Agency (ACDA) is the principal agency within the Federal government
for arms control matters. ACDA, in coordination with the DoD, DCI,
State, DoE, and other appropriate Federal agencies, will identify
arms control issues and opportunities related to space activities
and examine concepts for measures that support national security objectives.
|| Space Nuclear Power
The Department of Energy will maintain the necessary capability to
support space missions which may require the use of space nuclear
power systems. U.S. Government agency proposals for international
cooperation involving space nuclear power systems are subject to normal
interagency review procedures. Space nuclear reactors will not be
used in Earth orbit without specific approval by the President or
his designee. Such requests for approval will take into account public
safety, economic considerations, international treaty obligations,
and U.S. national security and foreign policy interests. The Office
of Science and Technology Policy, in coordination with the NSC staff,
will examine the existing approval process, including measures to
address possible commercial use of space nuclear systems.
|| The United States will seek to minimize
the creation of space debris. NASA, the Intelligence Community,
and the DoD, in cooperation with the private sector, will develop
design guidelines for future government procurements of spacecraft,
launch vehicles, and services. The design and operation of space
tests, experiments and systems, will minimize or reduce accumulation
of space debris consistent with mission requirements and cost
|| It is in the interest of the U.S.
Government to ensure that space debris minimization practices
are applied by other spacefaring nations and international organizations.
The U.S. Government will take a leadership role in international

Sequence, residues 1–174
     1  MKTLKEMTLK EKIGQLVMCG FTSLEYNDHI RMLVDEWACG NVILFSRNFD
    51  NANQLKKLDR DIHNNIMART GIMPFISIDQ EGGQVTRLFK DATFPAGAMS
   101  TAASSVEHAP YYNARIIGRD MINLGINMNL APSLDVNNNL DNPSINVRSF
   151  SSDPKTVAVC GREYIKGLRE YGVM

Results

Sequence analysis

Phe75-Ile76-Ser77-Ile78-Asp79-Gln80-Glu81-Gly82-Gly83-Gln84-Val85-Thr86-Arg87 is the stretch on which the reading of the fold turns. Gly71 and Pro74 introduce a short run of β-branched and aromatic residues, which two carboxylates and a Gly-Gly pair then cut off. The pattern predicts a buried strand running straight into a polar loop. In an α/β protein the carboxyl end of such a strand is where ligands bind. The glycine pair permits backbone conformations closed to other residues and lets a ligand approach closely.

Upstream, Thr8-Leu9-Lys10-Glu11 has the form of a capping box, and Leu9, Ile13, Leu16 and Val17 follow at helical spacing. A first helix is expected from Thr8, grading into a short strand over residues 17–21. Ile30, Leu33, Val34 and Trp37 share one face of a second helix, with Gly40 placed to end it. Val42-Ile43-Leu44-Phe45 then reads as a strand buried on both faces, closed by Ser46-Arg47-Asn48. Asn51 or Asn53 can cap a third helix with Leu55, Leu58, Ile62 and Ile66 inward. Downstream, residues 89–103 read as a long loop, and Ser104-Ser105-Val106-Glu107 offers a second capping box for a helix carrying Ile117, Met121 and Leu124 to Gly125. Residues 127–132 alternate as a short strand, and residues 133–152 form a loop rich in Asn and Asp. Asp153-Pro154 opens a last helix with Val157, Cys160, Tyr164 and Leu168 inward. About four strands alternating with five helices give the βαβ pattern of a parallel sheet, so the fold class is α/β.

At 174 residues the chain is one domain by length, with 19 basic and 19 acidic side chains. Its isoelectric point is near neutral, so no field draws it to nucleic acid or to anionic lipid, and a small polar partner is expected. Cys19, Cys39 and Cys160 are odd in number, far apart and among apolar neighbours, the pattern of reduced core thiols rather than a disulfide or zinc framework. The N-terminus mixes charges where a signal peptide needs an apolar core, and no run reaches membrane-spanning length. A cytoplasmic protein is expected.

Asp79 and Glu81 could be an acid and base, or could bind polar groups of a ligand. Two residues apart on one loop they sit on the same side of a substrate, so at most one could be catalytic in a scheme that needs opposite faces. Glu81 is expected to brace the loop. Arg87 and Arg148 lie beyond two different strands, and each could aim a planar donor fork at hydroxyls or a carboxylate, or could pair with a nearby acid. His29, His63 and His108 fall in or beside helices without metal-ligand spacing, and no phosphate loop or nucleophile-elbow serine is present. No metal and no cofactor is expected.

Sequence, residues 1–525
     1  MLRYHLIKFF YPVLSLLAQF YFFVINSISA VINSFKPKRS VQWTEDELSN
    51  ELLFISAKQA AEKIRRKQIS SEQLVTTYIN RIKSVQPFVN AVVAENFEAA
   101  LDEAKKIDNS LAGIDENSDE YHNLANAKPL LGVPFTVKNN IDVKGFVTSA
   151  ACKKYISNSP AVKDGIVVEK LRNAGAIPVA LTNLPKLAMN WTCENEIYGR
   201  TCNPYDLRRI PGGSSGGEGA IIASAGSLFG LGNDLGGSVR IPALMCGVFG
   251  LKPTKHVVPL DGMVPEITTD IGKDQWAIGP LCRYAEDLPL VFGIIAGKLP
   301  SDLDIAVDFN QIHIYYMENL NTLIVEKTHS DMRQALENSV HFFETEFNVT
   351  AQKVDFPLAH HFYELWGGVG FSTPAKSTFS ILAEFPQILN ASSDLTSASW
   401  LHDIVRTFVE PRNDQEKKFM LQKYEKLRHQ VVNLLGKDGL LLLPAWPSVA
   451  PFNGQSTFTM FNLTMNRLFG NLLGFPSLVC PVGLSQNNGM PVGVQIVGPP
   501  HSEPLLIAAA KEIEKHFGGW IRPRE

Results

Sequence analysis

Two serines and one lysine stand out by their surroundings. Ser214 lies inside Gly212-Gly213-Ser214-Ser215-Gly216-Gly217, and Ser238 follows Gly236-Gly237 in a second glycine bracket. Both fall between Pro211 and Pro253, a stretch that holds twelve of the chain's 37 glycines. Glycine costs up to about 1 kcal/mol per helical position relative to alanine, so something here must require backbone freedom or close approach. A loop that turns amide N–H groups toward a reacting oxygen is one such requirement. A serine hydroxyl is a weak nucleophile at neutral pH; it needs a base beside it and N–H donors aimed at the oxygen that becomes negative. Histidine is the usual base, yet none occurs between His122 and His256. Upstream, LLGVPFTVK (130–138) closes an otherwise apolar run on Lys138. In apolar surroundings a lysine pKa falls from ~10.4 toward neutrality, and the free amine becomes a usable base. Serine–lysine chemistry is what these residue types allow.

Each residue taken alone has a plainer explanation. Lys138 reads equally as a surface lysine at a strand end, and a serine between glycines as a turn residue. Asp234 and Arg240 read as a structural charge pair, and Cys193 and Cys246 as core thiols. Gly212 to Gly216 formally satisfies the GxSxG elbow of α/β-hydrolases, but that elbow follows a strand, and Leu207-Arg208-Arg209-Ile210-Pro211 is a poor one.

fora to adopt policies and practices aimed at debris minimization
and will cooperate internationally in the exchange of information
on debris research and the identification of debris mitigation
The price charged for the use of U.S. Government facilities, equipment,
and service, will be based on the following principles:
|| Prices charged to U.S. private sector,
state and local government space activities for the use of U.S.
Government facilities, equipment, and services will be based
on costs consistent with Federal guidelines, applicable statutes
and the commercial guidelines contained within the policy. The
U.S. Government will not seek to recover design and development
costs or investments associated with any existing facilities
or new facilities required to meet U.S. Government needs and
to which the U.S. Government retains title.
|| Consistent with mission requirements,
NASA and DoD will seek to use consistent pricing practices for
facilities, equipment, and services.
|| Tooling, equipment, and residual
hardware on hand at the completion of U.S. Government programs
will be priced and disposed of on a basis that is in the best
overall interest of the United States while not precluding or
deterring the continuing development of the U.S. commercial